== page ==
Wednesday 5 June 2019 11:26pm
A fireworks display in the Octagon on Saturday night was just one of many events held over Queen's Birthday weekend to celebrate the University of Otago's 150th birthday. Photos: Sharron Bennett.
The photos tell the story – the 150th celebrations at Queen’s Birthday weekend were a colourful, joyful tribute to the past 150 years and a window to the hope and promise of Otago’s future.
It was a weekend of friends reconnecting, sharing memories and visiting old stomping grounds – including the 75 who gathered for the Otago University Students’ Association 1957-1970 executive reunion.
It was a time to honour scholarship and display our history, our research and our people. It provided a wonderful opportunity to showcase and enjoy our fabulous musical talent, and a time to join together in a celebratory church service. Finally, it was the perfect time to play some rugby.
The weekend began with a Mayoral reception at the Otago Museum, followed by the opening of the 150th University of Otago Exhibition Dare to be Wise.
The exhibition comprises three sections – Dare focusses on bold ventures, To Be on the lived Otago experience, and Wise on knowledge and wisdom gained and shared by people at the University of Otago.
Despite the cold snap (it did rain on our parade but the gowns flapped elegantly in the cold southerly) people were enthusiastic about the campus tours, and a large crowd of friends, family and alumni enjoyed the rare spectacle of the Convocation Ceremony on Saturday afternoon.
Complete with the residential college’s gonfalons hanging around the Dunedin Town Hall, stirring organ music and brightly-coloured regalia, the focus of the ceremony was the awarding of four Honorary Doctorates, to Professor Atholl Anderson, Papali’i Dr Viopapa Annandale-Atherton, Sir Bill English and Ms Brigid Inder OBE.
In her speech at the ceremony, Vice-Chancellor Professor Harlene Hayne said the face of our University community has changed and is now richly diverse.
“Despite all our differences the one thing we have in common is that we are fiercely independent. As a university we pride ourselves on nurturing graduates who understand the value of free speech, who don’t shirk from ideas that are different from their own, who have the ability to get comfortable with the uncomfortable and who are not afraid to challenge conventional wisdom.
“In a world where resilience has become a very rare commodity, Otago will continue to be a place which fosters resilience. Being a scarfie brings with it the kind of audacity that the world needs more of.”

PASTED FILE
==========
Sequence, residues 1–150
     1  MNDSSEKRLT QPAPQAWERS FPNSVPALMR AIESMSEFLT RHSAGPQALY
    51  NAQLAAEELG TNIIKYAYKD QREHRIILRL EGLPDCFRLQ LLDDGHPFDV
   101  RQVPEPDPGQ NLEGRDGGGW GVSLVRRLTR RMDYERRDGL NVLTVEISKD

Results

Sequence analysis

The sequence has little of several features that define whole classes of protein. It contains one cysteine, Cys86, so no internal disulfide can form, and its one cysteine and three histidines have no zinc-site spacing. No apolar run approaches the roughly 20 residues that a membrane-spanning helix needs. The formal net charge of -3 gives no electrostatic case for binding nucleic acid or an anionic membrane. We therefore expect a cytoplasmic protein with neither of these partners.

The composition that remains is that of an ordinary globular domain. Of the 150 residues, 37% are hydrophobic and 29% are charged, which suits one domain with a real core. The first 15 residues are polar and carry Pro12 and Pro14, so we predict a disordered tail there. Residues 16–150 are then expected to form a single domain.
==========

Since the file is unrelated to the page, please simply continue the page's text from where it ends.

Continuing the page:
Also at the ceremony, the Governor-General of New Zealand, Her Excellency the Rt Hon Dame Patsy Reddy, GNZM, QSO, read out birthday wishes from His Royal Highness the Prince of Wales.
The rain held off in the evening for the blue and gold fireworks display in the Octagon, and more than 400 people packed the Dunedin Town Hall for the 150th anniversary dinner. The evening included speeches (and a dance) from the honorary degree recipients, full of fond recollections and reflections on the place Otago has held in their lives.
A full congregation attended the celebratory church service at Knox Church on Sunday morning, and watched afterwards as the Vice-Chancellor released doves in the church garden.
The Gala Concert on Sunday evening, A Celebration of Otago in Words and Music, was a feast of prose, poetry and music with connections to the University from the early days right up to the present. Performers included the University’s talented staff, local musicians and alumni stars.
The 150th Gala Concert Orchestra and Choir were joined by the 2019 Capping Sextet, vocal soloists Anna Leese, Rebecca Ryan, Kawiti Waetford and Joel Amosa, pianist Professor Terence Dennis, violinist Tessa Petersen, cellist Dr Heleen Du Plessis, organist David Burchell, alongside MCs Lisa Warrington and Peter Hayden and conductors Professor Anthony Ritchie, Associate Professor Peter Adams and Dr Karen Grylls. The concert raised more than $14,000 for EXPINKT™ breast cancer exercise rehabilitation charity.
On Monday, the sun came out for the traditional Knox v Selwyn colleges’ rugby match, with Selwyn winning 38-17 and taking away the Somerville Shield.
The Garden of Earthly Delights exhibition was also on at the Hocken Library during the weekend. The exhibition comprises rare, interesting and beautiful objects while celebrating 150 years of teaching, research, exploration and collecting. Exhibition pieces were chosen from the Hocken Collections, the Otago Library’s Special Collections, the Health Sciences Library, the Embellishment Collection, the Frances Hodgkins Fellowship Trust Collection, the W. D. Trotter Anatomy Museum, and research collections in the Archaeology, Botany, and the Geology departments. It continues until 11 August.